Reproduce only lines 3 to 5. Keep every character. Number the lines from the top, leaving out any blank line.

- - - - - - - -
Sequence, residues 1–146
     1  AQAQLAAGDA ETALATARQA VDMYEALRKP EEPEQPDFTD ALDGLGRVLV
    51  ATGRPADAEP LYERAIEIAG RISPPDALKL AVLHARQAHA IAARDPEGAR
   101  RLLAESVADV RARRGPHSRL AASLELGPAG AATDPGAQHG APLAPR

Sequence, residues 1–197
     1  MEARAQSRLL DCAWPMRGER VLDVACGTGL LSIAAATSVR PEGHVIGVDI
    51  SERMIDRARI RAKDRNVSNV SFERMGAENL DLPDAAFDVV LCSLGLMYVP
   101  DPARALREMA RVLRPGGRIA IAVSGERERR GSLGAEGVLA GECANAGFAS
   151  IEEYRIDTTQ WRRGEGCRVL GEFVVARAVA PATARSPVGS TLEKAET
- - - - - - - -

    51  ATGRPADAEP LYERAIEIAG RISPPDALKL AVLHARQAHA IAARDPEGAR
   101  RLLAESVADV RARRGPHSRL AASLELGPAG AATDPGAQHG APLAPR

Sequence, residues 1–197